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Goodbye, Sugar Shack! Though that cheetah *is* something to behold.

That night I met up with a friend to see The Book of Mormon. We arrived at the theater several hours early to enter a lottery for cheap tickets. We were the first names drawn, and for less than half price ended up in the second row – close enough to see the actors’ facial expressions and even when they sprayed their lines. I forgot how much I love musicals and though I could vow to see them more often, I’m not so sure that will happen, but it’s something to keep in mind.

Reflecting on this past week, it’s easy to see how I’m the luckiest woman in the world.

In search of my people

In some ways I’m having a hard time adjusting to back to Portland (have I said this before? It feels like I have, which means it was, and still is, true). It’s cold here, and today is one of those stereotypical/prototypical Pacific Northwest days where it’s grey but not quite rainy. Mother Nature is misting down upon us like spray from a tongue raspberry – mocking me for leaving the warmth of the sun behind. Dave and the others say it’s unbearably hot in Rustaq now – 30 degrees warmer than here. In the flat we once shared with the aircon running. Outside, their centigrade temperature of blazing heat almost matches the Fahrenheit number here in Oregon. But I don’t care; I would rather be there. I haven’t felt warm all day. At least if I’m going to feel cold, I should be able to enjoy the hockey playoffs. No point in being cold without hockey.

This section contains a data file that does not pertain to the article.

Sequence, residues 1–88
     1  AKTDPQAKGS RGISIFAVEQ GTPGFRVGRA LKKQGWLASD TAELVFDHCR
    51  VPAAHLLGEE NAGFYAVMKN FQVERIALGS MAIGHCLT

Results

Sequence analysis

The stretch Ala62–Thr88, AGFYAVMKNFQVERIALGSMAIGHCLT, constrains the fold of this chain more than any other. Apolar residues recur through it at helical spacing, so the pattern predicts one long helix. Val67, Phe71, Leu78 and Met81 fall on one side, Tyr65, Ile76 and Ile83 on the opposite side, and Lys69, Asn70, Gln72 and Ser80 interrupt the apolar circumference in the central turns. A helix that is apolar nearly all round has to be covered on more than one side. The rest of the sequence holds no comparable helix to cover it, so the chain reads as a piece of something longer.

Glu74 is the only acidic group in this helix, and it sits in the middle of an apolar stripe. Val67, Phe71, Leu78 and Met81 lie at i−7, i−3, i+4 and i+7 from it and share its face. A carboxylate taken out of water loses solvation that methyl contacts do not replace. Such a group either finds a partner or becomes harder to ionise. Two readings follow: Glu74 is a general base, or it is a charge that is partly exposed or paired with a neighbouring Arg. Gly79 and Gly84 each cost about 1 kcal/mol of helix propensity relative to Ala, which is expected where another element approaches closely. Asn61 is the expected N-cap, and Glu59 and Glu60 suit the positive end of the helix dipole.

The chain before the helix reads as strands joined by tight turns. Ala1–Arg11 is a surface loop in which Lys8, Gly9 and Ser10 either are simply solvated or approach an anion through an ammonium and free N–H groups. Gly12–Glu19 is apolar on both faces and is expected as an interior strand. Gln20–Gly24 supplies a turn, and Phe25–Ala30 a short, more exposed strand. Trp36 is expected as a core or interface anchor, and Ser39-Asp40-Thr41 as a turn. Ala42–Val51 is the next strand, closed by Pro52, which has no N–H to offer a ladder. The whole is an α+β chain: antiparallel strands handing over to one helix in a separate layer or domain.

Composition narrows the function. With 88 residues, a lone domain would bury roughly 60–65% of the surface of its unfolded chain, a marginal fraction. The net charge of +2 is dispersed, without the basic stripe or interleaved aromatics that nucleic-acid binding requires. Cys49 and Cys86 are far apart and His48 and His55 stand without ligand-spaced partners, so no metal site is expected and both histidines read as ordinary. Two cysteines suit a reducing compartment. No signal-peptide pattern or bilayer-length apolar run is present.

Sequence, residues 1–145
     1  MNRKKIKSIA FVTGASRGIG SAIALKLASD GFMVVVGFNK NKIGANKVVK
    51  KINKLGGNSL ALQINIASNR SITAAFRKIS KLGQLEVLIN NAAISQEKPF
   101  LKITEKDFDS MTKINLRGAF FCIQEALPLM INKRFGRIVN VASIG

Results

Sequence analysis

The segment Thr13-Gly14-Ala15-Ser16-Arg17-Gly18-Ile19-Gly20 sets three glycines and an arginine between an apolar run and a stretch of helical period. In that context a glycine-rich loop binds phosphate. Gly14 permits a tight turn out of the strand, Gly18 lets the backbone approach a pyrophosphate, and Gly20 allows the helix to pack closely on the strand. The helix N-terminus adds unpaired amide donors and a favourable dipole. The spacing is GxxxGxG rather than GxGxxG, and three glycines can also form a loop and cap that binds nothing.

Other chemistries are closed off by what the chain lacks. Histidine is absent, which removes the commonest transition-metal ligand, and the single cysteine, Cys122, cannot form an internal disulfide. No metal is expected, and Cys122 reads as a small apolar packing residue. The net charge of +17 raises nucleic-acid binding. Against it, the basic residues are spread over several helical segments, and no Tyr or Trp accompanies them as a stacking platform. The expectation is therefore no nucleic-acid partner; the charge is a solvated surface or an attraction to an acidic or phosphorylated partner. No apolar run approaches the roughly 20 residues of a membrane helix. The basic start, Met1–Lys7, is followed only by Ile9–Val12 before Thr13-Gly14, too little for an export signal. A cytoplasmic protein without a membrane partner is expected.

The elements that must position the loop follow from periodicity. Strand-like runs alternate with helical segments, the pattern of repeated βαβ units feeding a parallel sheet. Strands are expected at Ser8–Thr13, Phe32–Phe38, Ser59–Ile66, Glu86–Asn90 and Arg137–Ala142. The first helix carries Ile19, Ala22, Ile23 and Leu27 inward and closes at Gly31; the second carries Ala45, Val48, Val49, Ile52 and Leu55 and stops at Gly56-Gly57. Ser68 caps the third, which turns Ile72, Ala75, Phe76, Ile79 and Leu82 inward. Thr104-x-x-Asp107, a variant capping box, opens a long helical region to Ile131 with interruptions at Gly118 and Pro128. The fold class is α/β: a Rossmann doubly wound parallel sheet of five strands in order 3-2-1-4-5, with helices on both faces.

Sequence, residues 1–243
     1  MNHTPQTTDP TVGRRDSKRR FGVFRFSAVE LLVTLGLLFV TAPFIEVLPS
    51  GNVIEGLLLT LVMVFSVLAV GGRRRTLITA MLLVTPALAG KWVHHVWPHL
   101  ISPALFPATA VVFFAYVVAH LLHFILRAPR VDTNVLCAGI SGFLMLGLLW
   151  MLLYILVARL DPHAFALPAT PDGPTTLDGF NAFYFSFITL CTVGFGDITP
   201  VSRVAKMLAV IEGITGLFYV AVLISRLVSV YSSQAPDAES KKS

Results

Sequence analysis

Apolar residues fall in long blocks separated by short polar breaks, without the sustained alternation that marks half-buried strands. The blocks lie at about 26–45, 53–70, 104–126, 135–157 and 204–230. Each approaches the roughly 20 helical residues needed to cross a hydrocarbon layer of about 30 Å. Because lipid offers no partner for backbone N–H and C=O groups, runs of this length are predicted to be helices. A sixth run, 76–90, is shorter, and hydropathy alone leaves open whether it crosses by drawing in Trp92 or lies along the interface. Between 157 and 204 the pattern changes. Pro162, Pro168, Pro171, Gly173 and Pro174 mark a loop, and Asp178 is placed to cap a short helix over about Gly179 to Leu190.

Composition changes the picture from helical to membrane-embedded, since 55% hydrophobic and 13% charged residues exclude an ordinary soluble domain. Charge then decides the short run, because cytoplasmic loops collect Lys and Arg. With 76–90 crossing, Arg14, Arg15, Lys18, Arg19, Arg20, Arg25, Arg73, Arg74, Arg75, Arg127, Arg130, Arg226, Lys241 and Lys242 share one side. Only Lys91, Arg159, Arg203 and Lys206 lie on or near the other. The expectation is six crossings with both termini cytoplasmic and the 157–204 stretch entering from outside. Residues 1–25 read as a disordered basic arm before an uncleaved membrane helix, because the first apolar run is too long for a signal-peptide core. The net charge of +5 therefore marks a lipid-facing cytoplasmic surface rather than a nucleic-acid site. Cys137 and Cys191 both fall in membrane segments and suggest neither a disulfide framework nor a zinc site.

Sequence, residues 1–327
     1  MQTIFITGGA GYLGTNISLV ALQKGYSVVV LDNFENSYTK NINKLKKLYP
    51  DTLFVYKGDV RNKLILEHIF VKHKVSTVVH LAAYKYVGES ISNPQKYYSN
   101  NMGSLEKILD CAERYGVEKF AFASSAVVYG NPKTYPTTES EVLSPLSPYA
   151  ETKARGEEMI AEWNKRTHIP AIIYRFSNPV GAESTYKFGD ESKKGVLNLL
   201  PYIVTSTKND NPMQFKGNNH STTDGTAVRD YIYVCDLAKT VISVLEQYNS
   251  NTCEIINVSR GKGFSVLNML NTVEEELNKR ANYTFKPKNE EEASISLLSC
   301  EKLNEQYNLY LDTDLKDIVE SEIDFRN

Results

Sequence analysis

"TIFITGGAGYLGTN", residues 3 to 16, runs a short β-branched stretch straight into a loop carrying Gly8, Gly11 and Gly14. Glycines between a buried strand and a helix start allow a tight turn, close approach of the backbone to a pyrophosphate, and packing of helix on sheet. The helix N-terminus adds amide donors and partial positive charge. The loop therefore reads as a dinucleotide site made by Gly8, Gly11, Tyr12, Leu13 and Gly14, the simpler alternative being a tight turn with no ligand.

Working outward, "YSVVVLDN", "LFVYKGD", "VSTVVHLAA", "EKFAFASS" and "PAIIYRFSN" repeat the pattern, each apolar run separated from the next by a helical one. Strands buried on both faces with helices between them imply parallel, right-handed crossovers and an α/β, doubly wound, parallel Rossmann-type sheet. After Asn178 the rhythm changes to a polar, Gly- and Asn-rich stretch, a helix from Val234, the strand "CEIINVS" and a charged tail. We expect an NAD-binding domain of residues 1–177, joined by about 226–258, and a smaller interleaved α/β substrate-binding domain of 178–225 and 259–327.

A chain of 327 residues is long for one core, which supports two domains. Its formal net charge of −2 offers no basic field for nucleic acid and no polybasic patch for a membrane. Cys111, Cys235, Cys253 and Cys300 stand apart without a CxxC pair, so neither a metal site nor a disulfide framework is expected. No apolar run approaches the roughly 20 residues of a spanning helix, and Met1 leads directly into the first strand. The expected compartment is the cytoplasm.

Even though I’m back in North America, I live in a city that could not care less about the NHL*. A sad mismatch in my relationship with the city I call home. In fact, I almost didn’t move here because of its lack of hockey culture, considering Phoenix a better option with its sun and Coyotes. Yet, when the time came, I pointed my loaded-down car north instead of south as I drove out of the Bay Area, California – home of the San Jose Sharks.